In a wacky state populated by lunatic leftists and controlled by formidable unions and liberal interest groups, my governor was unafraid to proclaim himself a conservative upon election. His gubernatorial victory on October 8, 2003 gave California new hope. As a Californian, I was excited to hear Arnold espouse his economic conservatism in the days leading up to the recall, and was even more pleased to see my governor take action to implement his promises. Just days after entering office, Schwarzenegger took concrete steps to make the state more fiscally responsible by reforming workers’ compensation, repealing the tax on vehicle licensing fees, and closing the more than $10 billion deficit through voter-backed propositions.
But despite Arnold’s Friedmanesque disdain for increased government taxation and avowed fiscal restraint, Republicans have criticized many of his political stances. His support of a woman’s right to choose, gun control, and affirmative action cast doubt on Arnold’s social conservatism. Many Californians on the right also take issue with Arnold’s education policy. Although he promised cuts in education spending, Arnold now aims to fund more after-school programs and increase allocations to California’s public school system after revenue starts pouring into Sacramento. Team Arnold is hoping that increased business contracts and private consumption will fuel the economic upturn, which has not seen the light of day since the dot-com collapse.
Many staunch conservatives in California have given Arnold flak because of these socially liberal tendencies. In their eyes, his governorship is a blow to cultural conservatism, no better than social inclinations on the Left. True, Arnold’s conservatism is not entirely aligned with the Religious Right, or with strict constitutionalists, or with reactionaries who decry the protections afforded under civil rights legislation. However, his brand of conservatism reveals the emphasis he places on traditional family values and the American Dream. In support of traditional, heterosexual marriage, Arnold openly confronted Gavin Newsom, the newly elected mayor of San Francisco, who recently allowed the city to issue marriage licenses to gay couples. Demonstrating his respect for federalism, Arnold told Newsom that gay marriage was explicitly prohibited by state law.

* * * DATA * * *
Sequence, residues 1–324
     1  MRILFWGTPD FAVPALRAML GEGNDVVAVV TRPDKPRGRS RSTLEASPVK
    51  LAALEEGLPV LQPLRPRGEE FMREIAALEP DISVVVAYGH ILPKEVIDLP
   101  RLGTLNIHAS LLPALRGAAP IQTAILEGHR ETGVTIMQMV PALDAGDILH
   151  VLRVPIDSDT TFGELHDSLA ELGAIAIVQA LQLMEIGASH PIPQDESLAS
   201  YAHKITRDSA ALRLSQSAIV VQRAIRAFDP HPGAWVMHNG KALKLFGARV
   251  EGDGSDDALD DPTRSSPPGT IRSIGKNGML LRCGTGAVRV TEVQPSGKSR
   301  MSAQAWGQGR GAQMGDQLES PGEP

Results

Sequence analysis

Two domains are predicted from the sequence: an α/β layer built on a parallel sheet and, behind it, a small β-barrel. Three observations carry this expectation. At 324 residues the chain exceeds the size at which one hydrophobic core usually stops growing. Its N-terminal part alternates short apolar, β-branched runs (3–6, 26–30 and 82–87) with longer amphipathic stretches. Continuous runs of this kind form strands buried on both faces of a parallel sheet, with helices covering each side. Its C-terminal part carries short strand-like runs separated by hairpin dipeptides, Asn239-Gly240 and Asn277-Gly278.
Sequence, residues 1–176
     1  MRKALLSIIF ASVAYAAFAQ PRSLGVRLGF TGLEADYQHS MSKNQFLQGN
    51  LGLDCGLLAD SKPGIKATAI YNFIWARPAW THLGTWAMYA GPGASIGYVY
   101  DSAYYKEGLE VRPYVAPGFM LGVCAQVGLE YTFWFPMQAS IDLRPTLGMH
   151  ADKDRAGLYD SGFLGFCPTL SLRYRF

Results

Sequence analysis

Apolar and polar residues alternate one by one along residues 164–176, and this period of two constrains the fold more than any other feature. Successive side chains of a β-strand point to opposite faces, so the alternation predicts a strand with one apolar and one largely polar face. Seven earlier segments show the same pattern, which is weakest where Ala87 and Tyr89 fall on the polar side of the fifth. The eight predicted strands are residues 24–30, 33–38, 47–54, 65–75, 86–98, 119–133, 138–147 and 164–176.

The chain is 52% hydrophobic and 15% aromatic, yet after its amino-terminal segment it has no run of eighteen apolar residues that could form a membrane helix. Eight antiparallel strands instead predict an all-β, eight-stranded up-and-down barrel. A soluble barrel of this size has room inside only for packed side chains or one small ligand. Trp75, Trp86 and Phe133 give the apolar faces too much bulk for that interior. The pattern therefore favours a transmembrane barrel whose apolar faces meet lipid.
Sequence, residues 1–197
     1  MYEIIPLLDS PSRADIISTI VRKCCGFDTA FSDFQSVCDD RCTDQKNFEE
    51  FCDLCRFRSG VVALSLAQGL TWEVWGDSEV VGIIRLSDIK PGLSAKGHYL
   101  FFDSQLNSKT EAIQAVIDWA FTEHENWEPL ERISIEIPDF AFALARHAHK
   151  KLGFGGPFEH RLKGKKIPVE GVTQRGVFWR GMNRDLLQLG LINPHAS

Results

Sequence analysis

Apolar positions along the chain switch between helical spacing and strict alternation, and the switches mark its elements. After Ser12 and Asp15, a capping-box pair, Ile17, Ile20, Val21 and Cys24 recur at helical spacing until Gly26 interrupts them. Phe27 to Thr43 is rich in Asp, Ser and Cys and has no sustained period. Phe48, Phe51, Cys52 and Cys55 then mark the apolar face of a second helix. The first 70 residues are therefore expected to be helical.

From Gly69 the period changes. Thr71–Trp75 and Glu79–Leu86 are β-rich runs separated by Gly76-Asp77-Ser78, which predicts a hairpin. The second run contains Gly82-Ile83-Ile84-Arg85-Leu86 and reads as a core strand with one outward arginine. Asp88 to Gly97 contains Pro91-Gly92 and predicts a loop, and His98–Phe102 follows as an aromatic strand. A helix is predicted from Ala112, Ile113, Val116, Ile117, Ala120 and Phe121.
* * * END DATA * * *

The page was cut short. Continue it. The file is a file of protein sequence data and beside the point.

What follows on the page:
Arnold has encountered further opposition within the conservative movement on his immigration policy. His stance towards California’s immigrants reflects a pragmatism that is sidelined by both stalwart libertarians who advocate open borders and strong traditionalists who believe in closed borders and deportation. Schwarzenegger strikes the middle ground by urging federal funding for border enforcement and seeking measures, through workers’ visas, that gradually assimilate and legitimize Mexican immigrant workers. He is against outright amnesty, which would only reward these illegal aliens, but he understands the impracticalities associated with deportation. An Austrian-born immigrant himself, he respects the contributions immigrants have made to this country.